upon you.” In answer to an application for a safe-conduct on the 27th November, M. Bismarck said that one would be placed at M. Jules Favre's disposal, but he must send for it, as a German flag of truce had been fired on by the French.

16.-Alençon captured by the Grand Duke of Mecklenburg and the 13th Corps.

17.-At the first business meeting of the Black Sea Conference to-day a special protocol was signed, recording it as an essential principle of the law of nations that no Power can liberate itself from the engagements of a treaty, nor modify the stipulations thereof, unless with the consent of the contracting Powers by means of an amicable arrangement.

In the case of the International steamer seized by Government on the ground that she had on board a cable intended to be used in the military service of France, Sir R. Phillimore gives judgment confirming the claim of the telegraph company to have the vessel released, on the ground that the primary object of the cable was of a commercial character. Considering, however, that there was a reasonable cause for detaining the vessel, the learned judge made no order as to costs or damages. An appeal on both sides was made to the Judicial Committee.

Rev. Dr. Currey, preacher at the Charterhouse, elected Master in room of the late Archdeacon Hale.

In answer to a request for permission of certain neutrals, not members of any diplomatic body, to withdraw from Paris, Count Bismarck writes: "For months neutrals in Paris had the option of leaving the city, and certainly, as far as the German commanders are concerned, there is no foundation for the statement contained in the letter of the foreign Ministers of the 13th, that neutrals had been prevented escaping from the dangers of the siege through the obstacles placed in their way by the belligerents. The facilities allowed to the members of the diplomatic body will be continued as an act of international courtesy, although even this is difficult and disturbs the operations of the German army; but there is now only one way in which their numerous compatriots can be released from the dangers connected with the siege, and that is the capitulation of Paris.” Count Bismarck, in conclusion, observed that “of course buildings in which there are women, children, and invalids are not intentionally fired at, but that from the construction of the fortresses and the great distance of the German batteries the damage which is accidentally inflicted cannot be avoided."

18.-King William of Prussia proclaimed German Emperor within the Hall of Mirrors in the palace of the French kings at Versailles, in presence of all the German princes, under the standards of the army before Paris, and gurrounded by representatives of the different regiments. When the King entered the hall

about mid-day, he walked with a stately step through the line of soldiers, followed by his son and the princes and generals of the Empire. He bowed to the altar, and to the eight clergy who stood on the steps, and then took up his place nearly beneath the allegorical picture, “Le Roy gouverne par luy même,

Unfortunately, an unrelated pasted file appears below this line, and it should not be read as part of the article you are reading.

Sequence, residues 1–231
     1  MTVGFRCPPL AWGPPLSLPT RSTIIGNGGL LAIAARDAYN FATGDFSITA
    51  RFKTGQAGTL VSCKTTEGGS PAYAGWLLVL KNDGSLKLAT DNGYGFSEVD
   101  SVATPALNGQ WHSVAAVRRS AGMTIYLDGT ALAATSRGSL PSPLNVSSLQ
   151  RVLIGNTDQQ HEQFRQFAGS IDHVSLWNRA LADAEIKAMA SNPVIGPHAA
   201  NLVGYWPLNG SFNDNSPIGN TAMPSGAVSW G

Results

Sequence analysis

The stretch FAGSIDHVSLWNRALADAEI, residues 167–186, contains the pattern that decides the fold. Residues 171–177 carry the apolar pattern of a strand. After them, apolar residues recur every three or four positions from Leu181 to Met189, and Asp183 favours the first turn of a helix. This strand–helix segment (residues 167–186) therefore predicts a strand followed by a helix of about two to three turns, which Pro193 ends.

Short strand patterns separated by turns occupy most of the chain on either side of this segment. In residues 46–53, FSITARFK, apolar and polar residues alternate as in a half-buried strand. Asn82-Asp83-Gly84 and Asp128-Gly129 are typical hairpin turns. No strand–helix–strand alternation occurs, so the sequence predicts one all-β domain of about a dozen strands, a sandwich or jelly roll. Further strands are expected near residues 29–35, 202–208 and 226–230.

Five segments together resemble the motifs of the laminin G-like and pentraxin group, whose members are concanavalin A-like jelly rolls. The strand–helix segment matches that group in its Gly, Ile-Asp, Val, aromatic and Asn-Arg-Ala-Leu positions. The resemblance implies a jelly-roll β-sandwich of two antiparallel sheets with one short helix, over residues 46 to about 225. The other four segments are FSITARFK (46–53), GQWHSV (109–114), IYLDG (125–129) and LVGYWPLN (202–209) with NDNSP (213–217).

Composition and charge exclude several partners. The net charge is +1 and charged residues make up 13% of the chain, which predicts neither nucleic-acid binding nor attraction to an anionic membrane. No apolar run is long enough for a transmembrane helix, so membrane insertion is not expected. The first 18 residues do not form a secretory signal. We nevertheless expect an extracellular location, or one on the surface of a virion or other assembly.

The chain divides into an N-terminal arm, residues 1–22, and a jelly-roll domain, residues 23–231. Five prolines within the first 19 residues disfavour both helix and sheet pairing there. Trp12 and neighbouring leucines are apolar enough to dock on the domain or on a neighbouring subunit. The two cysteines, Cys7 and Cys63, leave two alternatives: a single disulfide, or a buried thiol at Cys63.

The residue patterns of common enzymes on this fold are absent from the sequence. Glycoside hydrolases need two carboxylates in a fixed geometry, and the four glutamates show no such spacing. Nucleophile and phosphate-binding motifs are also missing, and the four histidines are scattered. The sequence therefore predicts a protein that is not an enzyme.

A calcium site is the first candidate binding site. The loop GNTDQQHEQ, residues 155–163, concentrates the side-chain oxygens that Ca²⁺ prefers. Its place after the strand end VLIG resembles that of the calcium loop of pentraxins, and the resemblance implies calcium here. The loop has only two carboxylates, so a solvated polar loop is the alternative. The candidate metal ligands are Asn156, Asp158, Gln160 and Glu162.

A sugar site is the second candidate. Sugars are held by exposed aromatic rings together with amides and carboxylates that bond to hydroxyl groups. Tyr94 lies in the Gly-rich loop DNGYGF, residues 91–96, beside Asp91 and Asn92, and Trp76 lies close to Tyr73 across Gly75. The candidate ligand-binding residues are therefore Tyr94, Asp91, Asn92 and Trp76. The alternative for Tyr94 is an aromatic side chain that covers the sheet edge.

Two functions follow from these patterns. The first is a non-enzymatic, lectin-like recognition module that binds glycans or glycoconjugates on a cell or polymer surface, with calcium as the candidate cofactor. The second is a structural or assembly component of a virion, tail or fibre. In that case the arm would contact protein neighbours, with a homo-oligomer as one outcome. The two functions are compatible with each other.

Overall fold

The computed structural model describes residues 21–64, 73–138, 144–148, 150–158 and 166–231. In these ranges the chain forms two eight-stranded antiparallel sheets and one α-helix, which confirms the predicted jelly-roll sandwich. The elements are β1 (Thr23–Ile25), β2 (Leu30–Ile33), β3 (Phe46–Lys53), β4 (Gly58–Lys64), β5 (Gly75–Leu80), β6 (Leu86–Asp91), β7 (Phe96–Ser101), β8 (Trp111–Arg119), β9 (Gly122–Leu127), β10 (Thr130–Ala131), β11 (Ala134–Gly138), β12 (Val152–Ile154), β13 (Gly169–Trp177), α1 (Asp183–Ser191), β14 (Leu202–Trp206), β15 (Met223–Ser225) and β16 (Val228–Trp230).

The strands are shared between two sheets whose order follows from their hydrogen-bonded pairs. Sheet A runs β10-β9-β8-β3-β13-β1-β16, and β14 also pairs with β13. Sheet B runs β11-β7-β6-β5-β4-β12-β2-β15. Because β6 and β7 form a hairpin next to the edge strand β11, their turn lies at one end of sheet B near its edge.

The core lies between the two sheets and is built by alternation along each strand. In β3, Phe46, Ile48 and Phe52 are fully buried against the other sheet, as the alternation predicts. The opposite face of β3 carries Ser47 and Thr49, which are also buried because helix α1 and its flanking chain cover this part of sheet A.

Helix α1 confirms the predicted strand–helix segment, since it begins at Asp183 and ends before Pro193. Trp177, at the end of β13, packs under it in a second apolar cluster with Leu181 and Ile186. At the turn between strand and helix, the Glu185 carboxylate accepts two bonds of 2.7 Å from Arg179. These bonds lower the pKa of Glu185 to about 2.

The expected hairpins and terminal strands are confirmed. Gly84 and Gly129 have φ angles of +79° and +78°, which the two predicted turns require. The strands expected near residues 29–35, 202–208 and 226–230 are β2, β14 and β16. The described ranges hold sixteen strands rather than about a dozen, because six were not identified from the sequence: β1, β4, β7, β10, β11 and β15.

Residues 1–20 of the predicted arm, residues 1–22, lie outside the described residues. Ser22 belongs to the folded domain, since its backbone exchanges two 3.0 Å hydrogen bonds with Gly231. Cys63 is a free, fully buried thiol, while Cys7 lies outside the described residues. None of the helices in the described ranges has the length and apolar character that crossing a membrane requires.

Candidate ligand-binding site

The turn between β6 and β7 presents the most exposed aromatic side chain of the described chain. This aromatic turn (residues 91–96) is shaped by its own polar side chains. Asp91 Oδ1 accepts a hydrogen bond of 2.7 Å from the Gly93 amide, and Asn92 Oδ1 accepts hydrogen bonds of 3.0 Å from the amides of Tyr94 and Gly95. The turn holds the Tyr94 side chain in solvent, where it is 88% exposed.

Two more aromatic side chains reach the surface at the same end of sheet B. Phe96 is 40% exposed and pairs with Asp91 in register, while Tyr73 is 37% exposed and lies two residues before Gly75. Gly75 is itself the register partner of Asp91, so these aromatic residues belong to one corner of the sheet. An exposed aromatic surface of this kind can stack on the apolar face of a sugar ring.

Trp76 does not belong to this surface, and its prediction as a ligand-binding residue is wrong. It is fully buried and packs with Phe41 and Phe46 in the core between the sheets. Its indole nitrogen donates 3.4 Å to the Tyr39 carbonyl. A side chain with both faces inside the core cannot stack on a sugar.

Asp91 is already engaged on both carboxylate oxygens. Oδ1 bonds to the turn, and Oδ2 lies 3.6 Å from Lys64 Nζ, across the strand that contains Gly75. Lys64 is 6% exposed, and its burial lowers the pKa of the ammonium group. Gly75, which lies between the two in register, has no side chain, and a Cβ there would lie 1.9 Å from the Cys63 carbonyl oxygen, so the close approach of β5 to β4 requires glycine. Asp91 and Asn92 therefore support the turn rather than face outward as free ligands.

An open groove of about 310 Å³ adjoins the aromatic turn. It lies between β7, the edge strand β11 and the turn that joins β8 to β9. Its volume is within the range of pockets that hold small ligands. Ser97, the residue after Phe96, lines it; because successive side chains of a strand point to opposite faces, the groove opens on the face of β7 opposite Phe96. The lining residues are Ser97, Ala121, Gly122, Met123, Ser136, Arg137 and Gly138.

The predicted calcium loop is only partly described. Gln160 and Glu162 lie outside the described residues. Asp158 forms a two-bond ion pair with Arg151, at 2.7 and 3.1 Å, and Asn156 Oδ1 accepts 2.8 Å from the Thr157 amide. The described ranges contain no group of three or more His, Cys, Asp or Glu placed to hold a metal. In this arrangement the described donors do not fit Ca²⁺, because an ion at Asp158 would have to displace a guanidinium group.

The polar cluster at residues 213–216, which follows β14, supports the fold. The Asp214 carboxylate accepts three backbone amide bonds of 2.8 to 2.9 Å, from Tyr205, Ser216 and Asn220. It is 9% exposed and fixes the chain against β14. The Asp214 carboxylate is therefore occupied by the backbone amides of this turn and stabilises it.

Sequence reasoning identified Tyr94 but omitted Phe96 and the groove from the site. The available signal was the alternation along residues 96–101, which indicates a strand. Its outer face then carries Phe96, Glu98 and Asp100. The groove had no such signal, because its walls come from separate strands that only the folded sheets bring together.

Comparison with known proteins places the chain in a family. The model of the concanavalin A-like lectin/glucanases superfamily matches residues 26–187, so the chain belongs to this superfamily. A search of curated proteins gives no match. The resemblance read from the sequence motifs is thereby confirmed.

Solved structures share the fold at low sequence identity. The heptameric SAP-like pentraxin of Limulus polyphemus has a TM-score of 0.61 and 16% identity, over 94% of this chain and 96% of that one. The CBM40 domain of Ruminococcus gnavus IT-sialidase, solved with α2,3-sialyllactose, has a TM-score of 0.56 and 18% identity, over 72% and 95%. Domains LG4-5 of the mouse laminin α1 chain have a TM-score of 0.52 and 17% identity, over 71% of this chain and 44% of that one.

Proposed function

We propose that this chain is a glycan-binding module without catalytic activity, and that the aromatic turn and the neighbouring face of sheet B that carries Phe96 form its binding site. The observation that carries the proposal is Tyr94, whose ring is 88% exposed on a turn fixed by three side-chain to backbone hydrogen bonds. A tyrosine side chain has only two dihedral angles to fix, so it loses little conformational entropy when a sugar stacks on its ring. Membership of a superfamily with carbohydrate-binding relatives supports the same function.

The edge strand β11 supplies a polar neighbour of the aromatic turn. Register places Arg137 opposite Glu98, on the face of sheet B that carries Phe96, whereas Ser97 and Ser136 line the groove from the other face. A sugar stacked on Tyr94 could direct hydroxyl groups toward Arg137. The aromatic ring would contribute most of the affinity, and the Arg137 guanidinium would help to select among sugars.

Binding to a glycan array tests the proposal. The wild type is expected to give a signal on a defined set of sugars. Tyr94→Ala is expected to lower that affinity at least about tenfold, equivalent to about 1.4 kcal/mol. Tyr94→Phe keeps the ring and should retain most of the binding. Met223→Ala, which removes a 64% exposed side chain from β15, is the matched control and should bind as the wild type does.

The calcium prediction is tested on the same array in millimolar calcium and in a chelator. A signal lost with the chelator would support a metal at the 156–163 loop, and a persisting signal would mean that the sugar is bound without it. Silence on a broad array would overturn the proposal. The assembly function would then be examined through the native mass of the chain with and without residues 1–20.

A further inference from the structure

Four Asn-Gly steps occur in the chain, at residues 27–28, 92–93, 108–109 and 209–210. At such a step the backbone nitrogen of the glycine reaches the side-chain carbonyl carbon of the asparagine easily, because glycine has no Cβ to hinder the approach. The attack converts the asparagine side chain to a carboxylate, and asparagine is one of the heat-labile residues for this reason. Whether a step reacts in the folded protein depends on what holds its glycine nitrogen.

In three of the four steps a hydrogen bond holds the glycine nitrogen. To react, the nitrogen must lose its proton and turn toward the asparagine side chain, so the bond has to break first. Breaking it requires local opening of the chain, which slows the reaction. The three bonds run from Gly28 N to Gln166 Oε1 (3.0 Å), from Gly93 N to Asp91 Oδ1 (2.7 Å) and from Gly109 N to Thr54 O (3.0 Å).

with “L'Ordre rétabli dans les Finances”

on his left, and the “Building of a Navy" on his right. The group formed round the King in a semicircle, of which his figure was the centre. He wore a general's uniform, the riband of the Black Eagle (yellow), many orders, and carried his helmet in his hand. A chorale having been sung, the Court preacher and military chaplain, Rügger, read the Lord's Prayer and a Litany, to which the responses were sung by the band and by the “

congrega. tion of the princes.” The 21st Psalm followed, after which the rev. chaplain delivered a discourse, “Mene, Mene, Tekel, Upharsin !” addressed to France. Then was sung a hymn, and the Lord's Prayer was said, and next came the chorale, “Nun danket alle Gott," &c., to the end. Count Bismarck at the Emperor's command read a proclamation, stating that "the German Princes and Free Towns having ad. dressed to us a unanimous call to renew and undertake with the re-establishment of the German Empire the dignity of Emperor, which now for sixty years has been in abeyance, and the requisite provisions having been inserted in the Constitution of the German Confederation, we regard it as a duty we owe to the entire Fatherland to comply with this call of the united German Princes and Free Towns, and to accept the dignity of Emperor. Accordingly, we and our successors to the Crown of Prussia henceforth shall use the Imperial title in all the relations and affairs of the German Empire, and we hope to God that it may be vouchsafed to the German nation to lead the Fatherland on to a blessed future, under the auspices of its ancient splendour. We undertake the Imperial dignity conscious of the duty to protect with German loyalty the rights of the Empire and its members, to preserve peace, to maintain the independence of Germany, and to strengthen the power of the people. We accept it in the hope that it will be granted to the German people to enjoy in lasting peace the reward of its arduous and heroic struggles within boundaries which will give to the Fatherland that security against renewed French attacks which it has lacked for centuries. May God grant to us and our succes. sors to the Imperial Crown that we may be the defenders of the German Empire at all times, not in martial conquests, but in works of peace in the sphere of national prosperity, freedom, and civilization.” Count Bismarck read slowly and formally, every phrase could be distinctly heard, and he gave full emphasis to the allusion to the frontier, as though he wished there should be no mistake about it. The crowd of officers and soldiers listened breathlessly to the end, when the Grand Duke of Baden advanced, and exclaimed in a loud voice, “Es lebe seine Majestat der deutsche Kaiser Wilhelm, hoch!” The cheer was taken up with wild energy; the band playing “Heil Dir im Sieger Kranz" and God Save the Queen.” The Emperor and Crown Prince embraced thrice, and the German princes paid homage to the former as “ deutsche Kaiser.” This concluded the ceremony. The new Emperor then received the deputations of officers from distant corps, and withdrew, accompanied by the princes, generals, and other illustrious personages. The deputations, with other guests, were entertained by the Emperor in the afternoon, previous to their leaving Versailles, at the Hôtel de France. An order of the day addressed to the army made mention that on this day, “memorable for me and my house, I take, with the consent of the German princes and the adhesion of all the German people, in addition to my rank as King of Prussia, that of German Emperor. Your bravery and endurance, which I again recognise to the fullest extent, have hastened the work of the unification of Germany—a result which you have achieved by the expenditure of blood and lives. Let it always be remembered that the feeling of mutual friendship, bravery, and obedience rendered the army great and